Omada (for diabetes) was an early player in the tech-enabled care management space. Livongo (also diabetes), Lantern (mental health), Hinge Health (musculoskeletal disorders) are some other examples. It’s a good sign to see standardizable niches of healthcare service delivery being scaled up with clever technology use. Of course all this still needs to pass the muster of traditional third-party payment machinery in our healthcare system. Given the accountable care trend I’m optimistic about the viability of such companies as long as they show real outcome improvements.
The idea is certainly not new. Using VR immersion as a part of mental health treatment has been a subject of academic research and debate for a couple of decades. What usually makes news are opinion articles and university research projects.
I’ve seen commercially-oriented companies (like VirtuallyBetter) but none that gave me the impression of a true ‘VR platform for Psychiatrists’. Limbix seems to be the (?)first silicon valley outfit to tackle the workflow, documentation and content needs involved in integrating immersive VR therapy to mental health. Their website is terse, as usual for a startup, so most of this is my gut feel.
Using VR (or AR) to help patients overcome anxiety, phobias and other mental health conditions is in care delivery future. Reminds me of the optimism in late 90s when PACS technology was washing up on the shores of film-based radiology field. Limbix is to be filed away as a representative attempt at a viable digital health niche.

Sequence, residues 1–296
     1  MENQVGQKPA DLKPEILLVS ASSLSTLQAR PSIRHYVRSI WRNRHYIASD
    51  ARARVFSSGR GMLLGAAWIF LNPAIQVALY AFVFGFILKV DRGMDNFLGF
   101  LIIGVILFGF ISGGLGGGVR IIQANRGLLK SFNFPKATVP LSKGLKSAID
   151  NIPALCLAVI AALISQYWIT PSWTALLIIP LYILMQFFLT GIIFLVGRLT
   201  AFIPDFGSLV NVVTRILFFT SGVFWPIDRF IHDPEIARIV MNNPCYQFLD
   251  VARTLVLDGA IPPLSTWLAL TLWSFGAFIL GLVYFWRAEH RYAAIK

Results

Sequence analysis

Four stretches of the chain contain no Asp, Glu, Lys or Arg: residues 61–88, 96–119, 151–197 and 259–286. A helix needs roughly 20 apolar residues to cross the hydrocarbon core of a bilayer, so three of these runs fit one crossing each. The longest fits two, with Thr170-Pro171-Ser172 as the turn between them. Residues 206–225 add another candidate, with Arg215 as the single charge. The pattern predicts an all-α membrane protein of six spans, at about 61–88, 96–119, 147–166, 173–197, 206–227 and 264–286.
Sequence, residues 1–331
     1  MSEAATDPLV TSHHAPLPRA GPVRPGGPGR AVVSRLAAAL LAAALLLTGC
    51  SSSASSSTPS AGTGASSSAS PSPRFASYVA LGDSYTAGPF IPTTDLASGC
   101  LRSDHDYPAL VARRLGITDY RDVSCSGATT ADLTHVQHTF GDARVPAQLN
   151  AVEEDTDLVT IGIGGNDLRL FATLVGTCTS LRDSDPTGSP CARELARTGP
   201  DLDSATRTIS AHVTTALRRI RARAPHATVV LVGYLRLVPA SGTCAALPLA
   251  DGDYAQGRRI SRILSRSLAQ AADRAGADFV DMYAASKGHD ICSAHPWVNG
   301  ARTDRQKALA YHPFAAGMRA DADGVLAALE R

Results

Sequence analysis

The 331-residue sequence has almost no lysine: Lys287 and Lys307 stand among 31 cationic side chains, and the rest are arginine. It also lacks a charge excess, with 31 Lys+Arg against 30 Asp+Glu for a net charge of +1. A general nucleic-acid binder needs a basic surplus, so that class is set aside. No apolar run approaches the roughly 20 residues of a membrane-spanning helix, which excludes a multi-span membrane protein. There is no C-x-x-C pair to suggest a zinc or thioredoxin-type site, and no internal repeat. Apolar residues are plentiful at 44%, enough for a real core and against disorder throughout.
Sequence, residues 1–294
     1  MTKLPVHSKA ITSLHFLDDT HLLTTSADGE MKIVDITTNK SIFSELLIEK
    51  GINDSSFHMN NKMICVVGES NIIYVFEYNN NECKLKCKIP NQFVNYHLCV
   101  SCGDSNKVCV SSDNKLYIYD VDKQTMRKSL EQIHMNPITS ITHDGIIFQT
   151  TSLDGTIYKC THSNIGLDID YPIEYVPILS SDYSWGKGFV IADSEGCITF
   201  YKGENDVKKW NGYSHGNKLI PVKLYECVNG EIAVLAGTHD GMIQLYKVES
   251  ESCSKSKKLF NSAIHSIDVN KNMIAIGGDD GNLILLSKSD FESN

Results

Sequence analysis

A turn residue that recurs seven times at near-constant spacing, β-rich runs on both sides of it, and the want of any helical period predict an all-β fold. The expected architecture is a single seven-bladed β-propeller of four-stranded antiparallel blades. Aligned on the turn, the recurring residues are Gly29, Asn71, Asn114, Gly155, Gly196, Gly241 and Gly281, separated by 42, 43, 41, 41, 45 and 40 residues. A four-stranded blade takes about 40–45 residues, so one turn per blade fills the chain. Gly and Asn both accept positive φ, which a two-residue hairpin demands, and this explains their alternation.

Update: Right after I wrote this, my network pointed to Psius, AppliedVR which look similar.
I know nothing more about Careticker than what their spartan website says. But the first time I read it, something clicked. Careticker is a sort of personal (health) productivity app that lets users manage their interaction before, during and after hospital stays. I think that is a great niche.
Except for hypochondriacs, no one likes hospital stays. Most of the anxiety related to a hospital stay can be attributed to the fear of unknown. Patients simply dont know enough about what they need do or what is going to be done to them during that stay. It’s like visiting a foreign country with no map or translation tool. That, is where I think niche context-aware companion apps can help. For common inpatient procedures (like hernia, tonsillectomy, etc.) a focused mobile app that gives patients reminders, education, to-do lists like functionality is a tremendous value proposition.
Note the word ‘focused’. That’s the key. There are plenty of WebMD, MedlinePlus like generic health information apps that have wide variety of conditions covered. But to make the experience worthwhile the app needs to align all interaction vectors and focus on one intervention (or a group of closely-related conditions/procedures). Take a look at the list of most common procedures performed in US: all of them are candidates for an app. An app to remind patients when to stop eating/drinking for surgery, what to expect during stay, read FAQ posted by surgeon, get a copy of handout/discharge summary, etc. etc.
Back to Careticker. It surprises me that with the fundamentals rooted in an interesting niche, why did they pick a generic, already-crowded-with-apps condition of pregnancy as their first product. To be clear, Ob/Gyn is surely the right subdomain since the majority health-related app user skews to female gender. But a sharper focus (like Caesarean section) may have been smarter. The slightly derogatory name ‘Knocked Up’ doesn’t help either.
There is definitely room for growth in the target market. Especially since outpatient surgeries surpassed inpatient a couple of years ago. For a service like CareTicker, the gamut should run all types of procedures, regardless of care setting. Watch out for more entrants in this space.